Legal Analysis of Alternative Single Winner Election Methods

by Jessica Heller // Published July 25, 2012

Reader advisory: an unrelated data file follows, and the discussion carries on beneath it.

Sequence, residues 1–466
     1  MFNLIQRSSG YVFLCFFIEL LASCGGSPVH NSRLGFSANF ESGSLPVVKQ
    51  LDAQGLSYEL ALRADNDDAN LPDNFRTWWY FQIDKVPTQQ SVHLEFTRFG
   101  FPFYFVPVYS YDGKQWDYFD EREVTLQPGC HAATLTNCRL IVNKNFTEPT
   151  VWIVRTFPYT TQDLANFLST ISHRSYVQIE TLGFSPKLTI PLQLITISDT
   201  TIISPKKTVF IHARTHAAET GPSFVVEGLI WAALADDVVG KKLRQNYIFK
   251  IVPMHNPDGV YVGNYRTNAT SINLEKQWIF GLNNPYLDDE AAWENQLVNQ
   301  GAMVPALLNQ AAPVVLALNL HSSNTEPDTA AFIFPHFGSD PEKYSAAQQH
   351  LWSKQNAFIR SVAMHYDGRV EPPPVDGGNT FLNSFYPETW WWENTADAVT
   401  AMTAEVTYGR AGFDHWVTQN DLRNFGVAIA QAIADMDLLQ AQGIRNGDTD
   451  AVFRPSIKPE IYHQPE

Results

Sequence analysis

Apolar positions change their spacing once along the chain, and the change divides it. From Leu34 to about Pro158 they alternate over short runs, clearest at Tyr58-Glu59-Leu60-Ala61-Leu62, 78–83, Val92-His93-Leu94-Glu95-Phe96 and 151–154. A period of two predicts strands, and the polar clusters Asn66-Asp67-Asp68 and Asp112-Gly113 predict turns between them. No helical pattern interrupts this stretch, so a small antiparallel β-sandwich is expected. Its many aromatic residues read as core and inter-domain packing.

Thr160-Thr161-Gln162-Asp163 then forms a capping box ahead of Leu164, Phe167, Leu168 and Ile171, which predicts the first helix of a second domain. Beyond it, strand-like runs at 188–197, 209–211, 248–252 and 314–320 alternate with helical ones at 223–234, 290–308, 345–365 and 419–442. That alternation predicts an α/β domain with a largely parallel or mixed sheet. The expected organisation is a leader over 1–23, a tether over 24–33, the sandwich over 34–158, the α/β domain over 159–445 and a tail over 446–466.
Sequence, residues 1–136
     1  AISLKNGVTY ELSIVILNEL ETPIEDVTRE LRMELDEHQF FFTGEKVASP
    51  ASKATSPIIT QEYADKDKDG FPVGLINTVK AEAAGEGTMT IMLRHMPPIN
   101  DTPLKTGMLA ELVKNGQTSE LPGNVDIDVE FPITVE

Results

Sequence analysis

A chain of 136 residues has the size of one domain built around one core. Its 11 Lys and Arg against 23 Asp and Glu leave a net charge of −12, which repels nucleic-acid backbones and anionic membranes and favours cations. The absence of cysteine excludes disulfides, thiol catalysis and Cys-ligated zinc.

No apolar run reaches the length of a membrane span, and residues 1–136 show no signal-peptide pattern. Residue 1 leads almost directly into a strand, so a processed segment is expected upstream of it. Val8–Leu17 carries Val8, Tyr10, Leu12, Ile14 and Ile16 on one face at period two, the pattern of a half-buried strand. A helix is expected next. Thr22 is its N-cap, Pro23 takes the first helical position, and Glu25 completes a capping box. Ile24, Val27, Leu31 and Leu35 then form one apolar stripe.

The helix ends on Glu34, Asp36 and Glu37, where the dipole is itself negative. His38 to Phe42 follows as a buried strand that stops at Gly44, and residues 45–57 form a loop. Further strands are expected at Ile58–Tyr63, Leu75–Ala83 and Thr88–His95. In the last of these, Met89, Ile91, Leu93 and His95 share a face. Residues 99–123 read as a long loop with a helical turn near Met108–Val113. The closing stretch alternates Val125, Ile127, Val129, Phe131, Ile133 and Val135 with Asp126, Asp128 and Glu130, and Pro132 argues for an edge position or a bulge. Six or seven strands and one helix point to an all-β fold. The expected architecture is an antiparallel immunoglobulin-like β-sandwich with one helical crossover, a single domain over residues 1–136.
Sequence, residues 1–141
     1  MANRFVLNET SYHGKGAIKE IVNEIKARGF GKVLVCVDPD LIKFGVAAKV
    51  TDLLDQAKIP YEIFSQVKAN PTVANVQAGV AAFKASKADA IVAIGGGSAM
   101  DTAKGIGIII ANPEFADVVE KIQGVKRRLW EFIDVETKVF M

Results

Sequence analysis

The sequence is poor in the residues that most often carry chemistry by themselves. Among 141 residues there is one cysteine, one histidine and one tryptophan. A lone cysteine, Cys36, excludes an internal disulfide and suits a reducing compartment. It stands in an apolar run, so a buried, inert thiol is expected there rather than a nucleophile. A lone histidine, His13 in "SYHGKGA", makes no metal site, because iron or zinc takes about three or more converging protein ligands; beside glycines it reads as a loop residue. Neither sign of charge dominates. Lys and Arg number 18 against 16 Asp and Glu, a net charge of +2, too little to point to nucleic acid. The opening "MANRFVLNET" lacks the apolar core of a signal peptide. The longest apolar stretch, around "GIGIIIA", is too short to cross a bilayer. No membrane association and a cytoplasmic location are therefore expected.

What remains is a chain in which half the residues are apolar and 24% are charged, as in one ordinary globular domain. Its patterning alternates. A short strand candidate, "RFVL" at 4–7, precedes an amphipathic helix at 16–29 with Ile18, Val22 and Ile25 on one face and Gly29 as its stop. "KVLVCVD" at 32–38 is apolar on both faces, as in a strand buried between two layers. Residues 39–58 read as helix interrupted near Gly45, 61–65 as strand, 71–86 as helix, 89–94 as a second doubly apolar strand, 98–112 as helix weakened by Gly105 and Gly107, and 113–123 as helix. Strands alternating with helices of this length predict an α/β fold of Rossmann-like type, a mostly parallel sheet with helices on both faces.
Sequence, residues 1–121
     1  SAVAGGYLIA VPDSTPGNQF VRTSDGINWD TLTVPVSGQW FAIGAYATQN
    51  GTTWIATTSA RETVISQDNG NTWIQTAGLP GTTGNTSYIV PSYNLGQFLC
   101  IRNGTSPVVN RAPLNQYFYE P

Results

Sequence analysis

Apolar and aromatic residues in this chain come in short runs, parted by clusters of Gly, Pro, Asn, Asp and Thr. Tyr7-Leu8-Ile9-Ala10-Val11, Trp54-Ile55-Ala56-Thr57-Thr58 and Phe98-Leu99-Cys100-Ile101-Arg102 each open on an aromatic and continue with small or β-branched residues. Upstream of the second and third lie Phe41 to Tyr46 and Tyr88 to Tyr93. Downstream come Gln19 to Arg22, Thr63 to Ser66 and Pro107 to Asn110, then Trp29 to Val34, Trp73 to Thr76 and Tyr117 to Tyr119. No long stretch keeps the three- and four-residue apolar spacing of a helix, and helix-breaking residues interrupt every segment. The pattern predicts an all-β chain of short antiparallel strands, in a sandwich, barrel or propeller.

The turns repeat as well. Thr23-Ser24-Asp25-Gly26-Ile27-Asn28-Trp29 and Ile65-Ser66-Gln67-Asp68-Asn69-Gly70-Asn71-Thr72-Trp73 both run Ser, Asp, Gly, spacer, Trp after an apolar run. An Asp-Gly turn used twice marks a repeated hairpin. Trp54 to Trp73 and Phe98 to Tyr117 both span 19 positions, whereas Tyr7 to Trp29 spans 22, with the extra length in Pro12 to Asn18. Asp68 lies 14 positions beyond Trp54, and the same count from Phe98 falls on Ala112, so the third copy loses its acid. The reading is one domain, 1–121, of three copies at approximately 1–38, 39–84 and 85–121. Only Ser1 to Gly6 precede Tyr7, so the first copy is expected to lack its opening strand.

The plurality voting system used in most American elections can have the perverse result of electing a candidate who is disfavored by a majority of the electorate.  FairVote advocates exploring alternative voting methods that promote majority rule and voter choice in single winner elections.  Some of these alternative voting methods have been used in various cities and countries, and have therefore been subject to review by state and federal courts; others have never been employed in governmental elections.  This report discusses the legal history of those methods already reviewed by the courts to analyze the potential political and legal barriers to implementing several different voting methods, including: instant runoff voting, Bucklin voting, range voting, approval voting, Borda count voting, and Condorcet voting.